I was recently asked at a party, whether to rake the leaves off a lawn, or leave them on through the winter. My first thought was that I stumbled into a booby trap about aesthetics vs. sustainability. Then I thought that this might be a great time to talk about the history of lawns in America…

Or you could also watch this video by the New York Times

Still sticking to turf?

Now if I was forced to keep and maintain a lawn, I would treat the lawn like I would any other plant and attempt to understand how it grows, in order to maintain it as the best example of its species.

If the grass was green and covered in dried tree leaves, then I would rake up leaves that were on the green patches, because the blades of the grass are essentially solar panels. They should be maintained and kept free of dust and debris in order to operate at peak efficacy. Any of the raked up leaves should be chopped up into smaller easy to break down pieces using a push mower, electric leaf vacuum or a gaggle of school children with safety scissors, and used as mulch around the shrubbery, ornamental plants or compost piles. If you have muddy patches in your yard, then I would spread a layer of leaf mulch on the mud. Leaf mulch is great feeding the microbes in the soil. Flip over a layer of leaves from the dirt and see what wiggles.

If my grass was brown and covered in dried tree leaves, and as long as my trees didn’t contain any Allelopathic compounds, then I would rake up the big leaf piles and and leave a thin (2-3″) layer of leaves on my brown lawn to shield the tips of any seasonally confused sprouts. I am currently testing a the use of leaf mulch in one of my vegetable beds to see if these chopped up leaves will shield my lettuce sprouts from our harshly dry winter.

Keep the rake, the mower and the kids too

The most common push back I hear when I suggest that homeowners do away with the lawn, are the kids, the HOA or both. Dealing with HOA’s is easy if you have trainable raccoons, dandelion seeded drone strikes, or blackmail on your HOA governing board. However most people are sentimental towards the idea of their children running around their lawn, playing catch, riding cats, and licking the sprinkler heads. Your lawn is watered with drinking water, so who am I to judge?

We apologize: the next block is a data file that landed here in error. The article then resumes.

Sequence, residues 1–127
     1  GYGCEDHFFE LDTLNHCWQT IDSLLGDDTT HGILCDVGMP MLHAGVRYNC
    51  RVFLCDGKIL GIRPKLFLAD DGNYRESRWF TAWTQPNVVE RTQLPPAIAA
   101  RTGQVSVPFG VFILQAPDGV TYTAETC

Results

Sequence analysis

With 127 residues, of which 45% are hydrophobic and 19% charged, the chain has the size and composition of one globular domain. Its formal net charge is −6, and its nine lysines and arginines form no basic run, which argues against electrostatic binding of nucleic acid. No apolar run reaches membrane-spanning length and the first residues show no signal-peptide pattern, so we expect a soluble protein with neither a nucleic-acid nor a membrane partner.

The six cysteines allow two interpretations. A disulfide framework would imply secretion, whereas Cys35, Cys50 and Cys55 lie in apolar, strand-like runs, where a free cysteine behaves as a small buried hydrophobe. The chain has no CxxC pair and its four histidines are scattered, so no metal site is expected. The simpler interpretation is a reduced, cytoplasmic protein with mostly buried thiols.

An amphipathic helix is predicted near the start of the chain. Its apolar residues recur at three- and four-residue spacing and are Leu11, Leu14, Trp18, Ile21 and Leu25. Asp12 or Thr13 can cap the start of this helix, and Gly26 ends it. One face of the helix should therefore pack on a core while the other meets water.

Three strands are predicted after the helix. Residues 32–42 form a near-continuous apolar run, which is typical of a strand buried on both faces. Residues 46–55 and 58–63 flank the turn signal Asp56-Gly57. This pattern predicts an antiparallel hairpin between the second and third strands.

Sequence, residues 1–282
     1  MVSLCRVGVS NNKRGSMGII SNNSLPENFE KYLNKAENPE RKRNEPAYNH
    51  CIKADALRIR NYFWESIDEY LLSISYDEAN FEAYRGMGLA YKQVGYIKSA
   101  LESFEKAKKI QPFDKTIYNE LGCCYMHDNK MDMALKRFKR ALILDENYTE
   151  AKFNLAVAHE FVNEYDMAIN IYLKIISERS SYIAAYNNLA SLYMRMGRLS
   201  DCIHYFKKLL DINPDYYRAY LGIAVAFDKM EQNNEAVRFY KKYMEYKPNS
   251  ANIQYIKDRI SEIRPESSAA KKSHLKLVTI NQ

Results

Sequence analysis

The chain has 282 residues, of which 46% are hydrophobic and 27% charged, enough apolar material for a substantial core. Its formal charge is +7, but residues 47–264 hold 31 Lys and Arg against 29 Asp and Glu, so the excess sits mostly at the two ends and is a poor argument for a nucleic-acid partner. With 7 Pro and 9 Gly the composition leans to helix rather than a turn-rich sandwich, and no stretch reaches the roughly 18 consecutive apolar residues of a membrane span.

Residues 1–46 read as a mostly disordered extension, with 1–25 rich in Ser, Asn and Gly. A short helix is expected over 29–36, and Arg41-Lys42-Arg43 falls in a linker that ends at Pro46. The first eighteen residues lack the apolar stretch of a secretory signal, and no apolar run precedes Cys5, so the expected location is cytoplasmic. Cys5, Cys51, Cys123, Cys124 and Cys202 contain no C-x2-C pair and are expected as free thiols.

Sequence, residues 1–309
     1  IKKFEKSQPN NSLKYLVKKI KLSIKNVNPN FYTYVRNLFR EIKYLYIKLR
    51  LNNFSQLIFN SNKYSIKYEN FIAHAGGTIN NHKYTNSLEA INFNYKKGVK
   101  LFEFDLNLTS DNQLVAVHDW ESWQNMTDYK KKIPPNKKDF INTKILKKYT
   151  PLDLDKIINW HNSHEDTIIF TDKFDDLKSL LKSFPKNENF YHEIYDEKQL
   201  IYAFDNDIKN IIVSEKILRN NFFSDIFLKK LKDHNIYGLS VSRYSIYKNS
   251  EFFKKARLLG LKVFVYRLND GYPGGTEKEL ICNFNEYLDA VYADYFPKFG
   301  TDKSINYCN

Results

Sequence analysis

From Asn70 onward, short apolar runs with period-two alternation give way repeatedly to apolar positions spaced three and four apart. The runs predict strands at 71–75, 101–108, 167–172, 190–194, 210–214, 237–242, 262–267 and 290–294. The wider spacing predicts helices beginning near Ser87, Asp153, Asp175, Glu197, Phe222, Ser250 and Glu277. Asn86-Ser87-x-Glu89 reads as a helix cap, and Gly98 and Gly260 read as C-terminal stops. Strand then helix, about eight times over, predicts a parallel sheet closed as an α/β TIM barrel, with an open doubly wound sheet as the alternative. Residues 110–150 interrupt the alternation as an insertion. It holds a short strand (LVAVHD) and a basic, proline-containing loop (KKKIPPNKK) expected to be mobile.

What will my children play on if we don’t have a lawn?

Typically children play on their electronic devices, so unless there’s a secret Pokemon gym in your lawn, children will probably ignore the outdoors. But consider if you will, a non-mowable, non-water wasting substituent to a lawn? What would you do with your free time if you weren’t mowing your lawn every week? Would you spend more time with your kids? What if this substitute lawn was full of bees, butterflies or occasional birds? What if you only had to mow it once at the end of the season, or not at all. The visiting animals, and insects might be more exciting than a lame patch of overly manicured turf, and best of all, you don’t have to spend your summer mowing it.

If you like the sound of this lawn substitute, then you should plant a #minimeadow in part, or in place of your lawn. Rally your raccoons and check with your HOA before you do. Also ask your kids if they know what a meadow is.

Like the idea of not worrying about leaves?

Then watch this video about planting a #minimeadow in your yard

This book is mentioned in the video above! It’s easy to read (in comparison to my Grad school Art criticism readings) and the book is full of great photos. The book is surprisingly thorough and has plenty of ideas for what to expect when you grow your own meadow. If you get the book, know that you can buy seeds for your region here, because the author Mike Lizotte, also owns American Meadows.

Check out the photographer, Rob Cardillo’s work too.

Buy this book and buy their seeds
Click on the image to buy this book

No, I do not get paid for any of this content. I’m just highly opinionated, and I loath lawns. But I’m willing to listen to new ideas, especially if these ideas get me more flowers.